Know your varieties to make the most of promising lupins
By Marianne Curtis
AS Lupins become more popular with producers seeking an alternative protein source to soya, becoming aware of differences between varieties can help make the most of this promising crop.
Last year, trials were conducted around the UK by seed company Cebeco to gain more information about lupins, says its product development manager, Ray Starling.
"There is a lot of information around on lupins, but not all is relevant to livestock producers. Protein values of the crop, which producers need to know, are frequently left out."
Protein levels can vary considerably between and even within the same variety, says Mr Starling. "Three main species dominate in Europe – L albus, L angustifolius and L luteus. In L angustifolius varieties, protein averages 33%." Protein average for L luteus species is 42%, winter-sown L albus, 40% and spring-sown L albus, 37%."
In trials of Wodjil, at sites ranging from Cornwall in the south to Cleveland in the north, proteins ranged from 38.3% to 43.9%. "Low values can be due to inoculant being applied incorrectly at sowing, weeds or soil types."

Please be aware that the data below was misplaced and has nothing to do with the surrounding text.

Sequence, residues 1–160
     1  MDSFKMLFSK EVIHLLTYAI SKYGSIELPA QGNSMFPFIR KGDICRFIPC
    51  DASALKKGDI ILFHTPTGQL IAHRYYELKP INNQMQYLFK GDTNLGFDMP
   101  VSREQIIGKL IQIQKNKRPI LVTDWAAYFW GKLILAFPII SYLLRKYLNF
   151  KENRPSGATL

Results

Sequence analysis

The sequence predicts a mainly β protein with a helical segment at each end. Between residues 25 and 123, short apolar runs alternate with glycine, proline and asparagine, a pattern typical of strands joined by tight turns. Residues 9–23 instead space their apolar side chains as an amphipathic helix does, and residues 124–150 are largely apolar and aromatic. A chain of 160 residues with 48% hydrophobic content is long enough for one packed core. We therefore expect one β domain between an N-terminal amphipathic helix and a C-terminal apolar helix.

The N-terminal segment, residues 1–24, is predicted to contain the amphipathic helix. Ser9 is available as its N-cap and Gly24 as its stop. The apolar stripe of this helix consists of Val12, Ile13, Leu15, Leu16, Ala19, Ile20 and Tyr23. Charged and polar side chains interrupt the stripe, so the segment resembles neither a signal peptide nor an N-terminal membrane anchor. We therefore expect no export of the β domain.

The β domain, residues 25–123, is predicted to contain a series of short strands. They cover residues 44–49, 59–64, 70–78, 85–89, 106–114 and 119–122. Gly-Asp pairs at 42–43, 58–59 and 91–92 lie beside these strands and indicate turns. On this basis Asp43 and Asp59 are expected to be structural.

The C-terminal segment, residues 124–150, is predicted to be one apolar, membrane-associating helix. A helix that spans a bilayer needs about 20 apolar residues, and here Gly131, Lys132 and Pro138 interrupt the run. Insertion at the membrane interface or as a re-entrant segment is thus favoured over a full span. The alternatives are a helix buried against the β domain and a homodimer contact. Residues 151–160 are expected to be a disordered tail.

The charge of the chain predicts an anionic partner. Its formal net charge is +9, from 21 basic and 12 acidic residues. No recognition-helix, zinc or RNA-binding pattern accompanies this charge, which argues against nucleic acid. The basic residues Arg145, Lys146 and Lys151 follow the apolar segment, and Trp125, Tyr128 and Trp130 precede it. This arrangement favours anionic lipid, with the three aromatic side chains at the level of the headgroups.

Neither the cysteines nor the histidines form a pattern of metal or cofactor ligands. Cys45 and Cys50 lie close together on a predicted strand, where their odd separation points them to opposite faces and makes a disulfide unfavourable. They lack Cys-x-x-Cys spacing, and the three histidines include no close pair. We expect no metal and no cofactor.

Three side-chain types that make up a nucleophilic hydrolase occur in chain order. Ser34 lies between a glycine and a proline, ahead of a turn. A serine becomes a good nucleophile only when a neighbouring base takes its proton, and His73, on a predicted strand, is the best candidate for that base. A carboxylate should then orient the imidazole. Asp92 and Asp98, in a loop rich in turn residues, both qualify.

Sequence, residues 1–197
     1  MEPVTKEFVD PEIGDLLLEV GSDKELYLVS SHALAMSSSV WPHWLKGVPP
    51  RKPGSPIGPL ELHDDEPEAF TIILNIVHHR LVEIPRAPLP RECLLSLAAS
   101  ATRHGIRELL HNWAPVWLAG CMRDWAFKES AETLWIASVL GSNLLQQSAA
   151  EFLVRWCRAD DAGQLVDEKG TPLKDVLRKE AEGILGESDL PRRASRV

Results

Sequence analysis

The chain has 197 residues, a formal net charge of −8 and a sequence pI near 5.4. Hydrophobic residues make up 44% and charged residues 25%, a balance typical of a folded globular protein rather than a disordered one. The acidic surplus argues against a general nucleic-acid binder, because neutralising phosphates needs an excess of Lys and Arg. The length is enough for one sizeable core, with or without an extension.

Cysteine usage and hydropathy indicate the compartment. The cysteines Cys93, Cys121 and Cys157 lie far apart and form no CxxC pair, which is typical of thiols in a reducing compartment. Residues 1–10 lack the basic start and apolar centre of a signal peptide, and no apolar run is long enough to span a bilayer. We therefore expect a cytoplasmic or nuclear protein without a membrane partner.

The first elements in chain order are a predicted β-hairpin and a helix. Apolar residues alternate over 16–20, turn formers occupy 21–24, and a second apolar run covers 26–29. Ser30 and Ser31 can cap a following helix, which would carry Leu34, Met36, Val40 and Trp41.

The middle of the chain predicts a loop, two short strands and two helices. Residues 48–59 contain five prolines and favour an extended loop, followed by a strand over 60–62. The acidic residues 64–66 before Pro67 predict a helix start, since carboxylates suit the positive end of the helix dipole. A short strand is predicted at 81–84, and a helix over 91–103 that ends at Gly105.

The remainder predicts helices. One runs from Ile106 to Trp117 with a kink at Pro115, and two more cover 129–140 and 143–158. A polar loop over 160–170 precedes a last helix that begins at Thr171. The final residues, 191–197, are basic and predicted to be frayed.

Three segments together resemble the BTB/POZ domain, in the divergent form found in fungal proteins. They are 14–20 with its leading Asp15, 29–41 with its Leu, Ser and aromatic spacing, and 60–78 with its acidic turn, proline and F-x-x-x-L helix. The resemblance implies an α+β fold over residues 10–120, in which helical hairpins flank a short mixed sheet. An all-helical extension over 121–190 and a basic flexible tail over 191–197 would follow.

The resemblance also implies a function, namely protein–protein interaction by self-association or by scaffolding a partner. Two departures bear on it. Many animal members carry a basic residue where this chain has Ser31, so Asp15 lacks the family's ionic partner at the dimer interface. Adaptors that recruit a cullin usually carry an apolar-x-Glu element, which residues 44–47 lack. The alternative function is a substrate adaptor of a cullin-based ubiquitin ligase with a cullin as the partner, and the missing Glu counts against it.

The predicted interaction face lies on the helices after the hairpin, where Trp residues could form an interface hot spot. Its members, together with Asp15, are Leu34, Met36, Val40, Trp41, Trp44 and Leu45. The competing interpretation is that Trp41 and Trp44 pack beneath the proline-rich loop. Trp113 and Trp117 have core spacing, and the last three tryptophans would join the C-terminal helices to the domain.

Lupins do not grow well in strong, heavy clay soils and it is important to take soil type and variety into account when deciding upon seed rates, says Mr Starling. He is concerned there may have been insufficient UK trials to establish suitable agronomic practices for different varieties.
"Lupin varieties can be either non-branching or bush-like. Non-branching lupins require a higher seed rate than bush-like varieties to reduce competition."
Wodjil is non-branching and last years commercial trials showed an average yield of 2.53t/ha (1t/acre) with moistures ranging between 14% and 18%. Average protein content was 42% and oil, 7.5%, says Mr Starling. One livestock producers costings show harvested grain from a Wodjil crop at 42% protein worked out at 31p/kg protein, compared 36p/kg protein for soya (see table).
Using lupins for grain production rather than whole-crop is advisable, as phomopsis – a lupin stem fungus – can be toxic to sheep, warns Mr Starling. "Such toxicity has occurred in Australian flocks. Although there are signs that newer lupin varieties are more resistant to phomopsis than older ones, be cautious about using lupins for whole-crop until more is known."
With arable area aid being granted for lupins in Scotland, producers here should be particularly careful, he says. "Aid will provide a greater incentive for producers to grow lupins. But late senescence of crops in the north, combined with damp conditions, could make lupins more susceptible to phomopsis." *
More trials are needed to establish suitable agronomic practices for different lupin varieties, says Ray Starling.
• Protein content varies.
• Stem fungus dangers.
• Agronomy needs refinement.
Arable area payments -247
Crop establishement 97.5
Harvest and baling 91
Total cost 320.49
Yield 2.44t/ha, cost/t £131.34